By giving licenses to at least ten nursing home owners who had a history of poor patient care in other facilities that they owned in the Buffalo area, New York State has failed to protect its seniors.
Buffalo area advocates for nursing home residents are battling to protect seniors by bringing the state’s poor record with licensing to the public’s attention. In a recent article, “N.Y. fails to weed out nursing home owners with records of poor care,” the Buffalo News reported that the state is failing to do anything about stopping nursing home owners who have been fined for providing bad care from buying even more long-term care facilities.
"It is a real problem with people getting ownership of facilities when they have a poor record of care in other nursing facilities," said Toby Edelman, a senior attorney at the Center for Medicare Advocacy. "To me the biggest predictor of how a person will do, is how that person did in other facilities the person already owns."
“New York State falls into this disturbing but all-too-familiar pattern—allowing owners with poor records to take over more facilities," she said.
Sixteen of the 47 nursing homes in Erie and Niagara counties have been bought since 2007 by for-profit, out-of-town owners, the article noted. Many of those homes are among the region's worst rated. New York let some of the out-of-town investors purchase more nursing homes, even with poor ratings and state and federal fines totaling at least $325,000 at ones they currently operated.
The applications to purchase nursing homes are subject to approval by the Health Department’s Public Health and Health Planning Council. It is comprised of 25 volunteers appointed by the governor to serve six-year terms. The members usually represent different disciplines in the health care field, from both the public and private sectors. A year ago, the Health Department staff started to give council members the federal government's ratings of other nursing homes owned by prospective buyers.
They believe this sends a message to applicants that quality matters. However, a critic of the council, Assemblyman James Skoufis, believes that its volunteers don’t have the time to properly vet prospective owners and often rubber-stamp recommendations from the council’s staff. Skoufis has proposed eliminating volunteers and professionalizing the council.
"I don't believe the Health Department is living up to its mission to protect the health and safety of New Yorkers, if they permit the operators of low-performing and dangerous nursing homes to acquire even more facilities," said Mary Brennan-Taylor, a local patient safety advocate who lectures at the University at Buffalo, D’Youville College and Niagara University. "If a nursing home is not where the governor would want to have his mother go and live her final years, unsuspecting families should not have to entrust their loved ones at those facilities.”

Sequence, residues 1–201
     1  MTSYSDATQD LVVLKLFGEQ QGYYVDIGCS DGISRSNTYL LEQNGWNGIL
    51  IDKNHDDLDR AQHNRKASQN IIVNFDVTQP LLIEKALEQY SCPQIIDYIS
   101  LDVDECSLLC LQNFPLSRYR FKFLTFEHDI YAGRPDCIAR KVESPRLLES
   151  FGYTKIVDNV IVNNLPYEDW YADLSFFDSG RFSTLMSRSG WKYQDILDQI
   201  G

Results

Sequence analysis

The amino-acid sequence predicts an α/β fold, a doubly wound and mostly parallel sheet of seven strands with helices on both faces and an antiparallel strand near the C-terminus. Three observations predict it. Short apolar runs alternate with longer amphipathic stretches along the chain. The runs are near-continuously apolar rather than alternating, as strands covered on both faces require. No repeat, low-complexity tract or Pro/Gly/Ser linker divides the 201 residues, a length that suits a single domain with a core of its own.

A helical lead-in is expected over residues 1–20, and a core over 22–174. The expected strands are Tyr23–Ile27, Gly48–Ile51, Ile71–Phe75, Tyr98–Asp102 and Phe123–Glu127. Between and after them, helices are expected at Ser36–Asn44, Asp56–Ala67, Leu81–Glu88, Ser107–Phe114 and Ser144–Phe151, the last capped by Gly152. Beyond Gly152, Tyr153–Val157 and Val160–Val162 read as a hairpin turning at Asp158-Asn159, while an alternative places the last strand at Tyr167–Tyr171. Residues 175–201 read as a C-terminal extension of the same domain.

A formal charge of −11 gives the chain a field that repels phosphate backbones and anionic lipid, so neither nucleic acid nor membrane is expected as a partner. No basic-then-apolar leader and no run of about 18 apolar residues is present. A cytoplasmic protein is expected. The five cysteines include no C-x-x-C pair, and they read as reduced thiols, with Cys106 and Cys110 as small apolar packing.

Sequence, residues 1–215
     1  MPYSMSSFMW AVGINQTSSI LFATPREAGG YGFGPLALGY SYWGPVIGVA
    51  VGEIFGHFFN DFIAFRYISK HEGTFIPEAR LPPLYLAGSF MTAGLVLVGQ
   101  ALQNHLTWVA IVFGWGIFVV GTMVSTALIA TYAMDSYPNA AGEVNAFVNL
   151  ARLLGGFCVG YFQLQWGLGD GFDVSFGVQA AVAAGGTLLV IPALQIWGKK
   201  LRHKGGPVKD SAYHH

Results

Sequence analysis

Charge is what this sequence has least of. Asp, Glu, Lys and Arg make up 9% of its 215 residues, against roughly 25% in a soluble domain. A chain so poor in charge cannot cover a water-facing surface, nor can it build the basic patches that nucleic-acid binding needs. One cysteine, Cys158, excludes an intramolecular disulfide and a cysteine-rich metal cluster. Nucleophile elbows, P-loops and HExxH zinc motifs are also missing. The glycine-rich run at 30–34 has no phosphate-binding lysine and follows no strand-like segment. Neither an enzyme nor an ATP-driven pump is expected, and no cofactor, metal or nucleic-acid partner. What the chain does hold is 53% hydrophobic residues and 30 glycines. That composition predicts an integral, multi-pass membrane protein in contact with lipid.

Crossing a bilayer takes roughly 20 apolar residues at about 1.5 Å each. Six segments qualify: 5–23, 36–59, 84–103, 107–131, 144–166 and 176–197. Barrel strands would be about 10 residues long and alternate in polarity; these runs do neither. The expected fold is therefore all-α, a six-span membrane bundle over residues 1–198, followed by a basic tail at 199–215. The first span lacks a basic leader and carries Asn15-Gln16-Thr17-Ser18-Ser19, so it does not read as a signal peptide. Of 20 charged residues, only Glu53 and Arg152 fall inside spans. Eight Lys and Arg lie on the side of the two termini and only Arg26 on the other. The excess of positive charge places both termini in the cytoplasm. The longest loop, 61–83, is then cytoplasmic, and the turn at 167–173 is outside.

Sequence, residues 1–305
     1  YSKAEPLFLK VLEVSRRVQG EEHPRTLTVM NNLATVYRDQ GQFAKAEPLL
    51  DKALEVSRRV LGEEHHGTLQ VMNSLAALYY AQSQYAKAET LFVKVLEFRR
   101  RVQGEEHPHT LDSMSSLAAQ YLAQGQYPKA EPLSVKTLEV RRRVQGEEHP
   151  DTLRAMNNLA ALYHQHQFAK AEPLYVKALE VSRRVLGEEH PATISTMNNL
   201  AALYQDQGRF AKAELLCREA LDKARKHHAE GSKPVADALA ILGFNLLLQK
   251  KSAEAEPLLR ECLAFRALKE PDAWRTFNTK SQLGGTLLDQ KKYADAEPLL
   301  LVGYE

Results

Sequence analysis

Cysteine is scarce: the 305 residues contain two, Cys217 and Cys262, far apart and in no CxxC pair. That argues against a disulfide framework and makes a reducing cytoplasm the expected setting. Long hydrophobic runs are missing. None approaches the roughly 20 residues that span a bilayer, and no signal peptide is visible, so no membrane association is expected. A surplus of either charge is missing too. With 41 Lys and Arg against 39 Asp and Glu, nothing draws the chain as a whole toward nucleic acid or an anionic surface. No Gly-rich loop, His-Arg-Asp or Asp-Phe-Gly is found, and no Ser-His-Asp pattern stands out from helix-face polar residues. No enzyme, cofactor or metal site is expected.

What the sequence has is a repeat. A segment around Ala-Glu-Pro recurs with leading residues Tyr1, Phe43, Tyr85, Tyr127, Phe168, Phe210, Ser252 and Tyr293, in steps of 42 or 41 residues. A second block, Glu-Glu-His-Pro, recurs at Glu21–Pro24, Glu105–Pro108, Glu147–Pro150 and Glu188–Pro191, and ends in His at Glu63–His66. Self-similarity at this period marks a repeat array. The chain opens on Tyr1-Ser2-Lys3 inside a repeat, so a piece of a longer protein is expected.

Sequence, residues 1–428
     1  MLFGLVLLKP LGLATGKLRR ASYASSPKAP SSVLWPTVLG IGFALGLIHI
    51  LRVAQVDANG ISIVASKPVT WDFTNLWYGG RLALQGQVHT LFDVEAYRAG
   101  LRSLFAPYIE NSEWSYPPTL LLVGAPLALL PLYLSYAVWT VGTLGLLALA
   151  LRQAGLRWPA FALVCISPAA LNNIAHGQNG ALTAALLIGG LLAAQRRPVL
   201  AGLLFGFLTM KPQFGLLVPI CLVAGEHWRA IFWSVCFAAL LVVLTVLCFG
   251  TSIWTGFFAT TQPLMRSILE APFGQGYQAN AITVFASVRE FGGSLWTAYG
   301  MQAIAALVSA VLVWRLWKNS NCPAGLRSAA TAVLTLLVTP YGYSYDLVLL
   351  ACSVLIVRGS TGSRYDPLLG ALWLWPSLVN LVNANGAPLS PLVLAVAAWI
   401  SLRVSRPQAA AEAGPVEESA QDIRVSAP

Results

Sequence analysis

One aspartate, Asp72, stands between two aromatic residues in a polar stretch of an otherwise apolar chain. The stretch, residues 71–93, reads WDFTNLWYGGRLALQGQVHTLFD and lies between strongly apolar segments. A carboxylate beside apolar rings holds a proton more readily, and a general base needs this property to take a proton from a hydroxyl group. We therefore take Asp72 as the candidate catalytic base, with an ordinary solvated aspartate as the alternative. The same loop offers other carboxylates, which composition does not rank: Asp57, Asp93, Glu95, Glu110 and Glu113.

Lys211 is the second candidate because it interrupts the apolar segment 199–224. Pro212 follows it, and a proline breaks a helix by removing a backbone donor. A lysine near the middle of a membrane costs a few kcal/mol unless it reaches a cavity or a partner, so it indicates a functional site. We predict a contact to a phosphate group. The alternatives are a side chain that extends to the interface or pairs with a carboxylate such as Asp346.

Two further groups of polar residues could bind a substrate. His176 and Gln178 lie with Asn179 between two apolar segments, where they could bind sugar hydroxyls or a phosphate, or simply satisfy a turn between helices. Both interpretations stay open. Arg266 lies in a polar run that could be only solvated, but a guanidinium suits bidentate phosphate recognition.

Brennan-Taylor cited a lack of transparency in the state process for approving nursing home licenses and notifying the public about nursing homes with issues.
Assemblyman Richard N. Gottfried, D-Manhattan, who chairs the Assembly’s Health Committee, also supports closer scrutiny of prospective buyers who have violations from running other facilities.
“If they have a bad record running other nursing homes, that has to be a factor, just like having a bad enough driving record can mean you lose your driver’s license,” Gottfried commented.
Gottfried said more consumer representation is needed on the Public Health and Health Planning Council. There are currently two seats for members of the public and both are vacant.
The State Deputy Health Commissioner Daniel Sheppard said the Health Department sometimes will notify a prospective buyer that he or she doesn’t meet state guidelines, prior to the application going before the state council for approval. That individual will usually be dropped from the partnership seeking the license, he said. Sheppard couldn’t say how frequently the Health Department has determined a person was not qualified to buy a facility during the screening process. However, Sheppard remarked, “It is not infrequent.”
A bill has been submitted to the State Legislature by the Health Department that would strengthen its ability to regulate nursing homes. An independent quality monitor would be authorized to keep an eye on chronically bad nursing homes and increase disclosure of ownership information, including listing connections with affiliated companies doing business with nursing homes. The bill also increases the maximum fine for violations from $10,000 to $20,000. It is hoped that these measures may make a difference.
Reference: The Buffalo News (December 6, 2018) “N.Y. fails to weed out nursing home owners with records of poor care”